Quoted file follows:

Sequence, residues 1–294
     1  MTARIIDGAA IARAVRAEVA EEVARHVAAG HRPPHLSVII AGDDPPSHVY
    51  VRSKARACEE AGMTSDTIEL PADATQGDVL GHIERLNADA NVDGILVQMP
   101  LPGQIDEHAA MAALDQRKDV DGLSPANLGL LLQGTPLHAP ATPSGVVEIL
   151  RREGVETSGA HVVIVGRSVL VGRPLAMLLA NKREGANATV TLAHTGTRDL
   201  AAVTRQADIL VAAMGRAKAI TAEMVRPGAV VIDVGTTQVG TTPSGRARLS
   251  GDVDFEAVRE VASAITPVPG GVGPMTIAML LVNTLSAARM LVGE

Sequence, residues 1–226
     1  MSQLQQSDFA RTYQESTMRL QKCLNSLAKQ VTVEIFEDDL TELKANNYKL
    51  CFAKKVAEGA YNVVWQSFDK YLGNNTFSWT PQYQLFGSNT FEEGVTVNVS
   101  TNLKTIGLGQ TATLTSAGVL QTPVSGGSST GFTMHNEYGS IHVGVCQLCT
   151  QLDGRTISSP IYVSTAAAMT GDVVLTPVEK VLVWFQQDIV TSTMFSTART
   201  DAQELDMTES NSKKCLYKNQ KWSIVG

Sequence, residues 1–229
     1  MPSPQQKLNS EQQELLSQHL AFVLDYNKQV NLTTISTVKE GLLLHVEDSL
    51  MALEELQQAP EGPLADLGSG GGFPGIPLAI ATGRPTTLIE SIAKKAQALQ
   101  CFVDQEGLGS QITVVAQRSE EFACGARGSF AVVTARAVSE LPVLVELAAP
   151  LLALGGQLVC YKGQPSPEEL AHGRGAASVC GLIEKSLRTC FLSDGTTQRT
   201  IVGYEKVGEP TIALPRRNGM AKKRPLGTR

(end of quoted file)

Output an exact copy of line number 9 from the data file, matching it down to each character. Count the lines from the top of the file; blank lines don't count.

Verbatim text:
     1  MSQLQQSDFA RTYQESTMRL QKCLNSLAKQ VTVEIFEDDL TELKANNYKL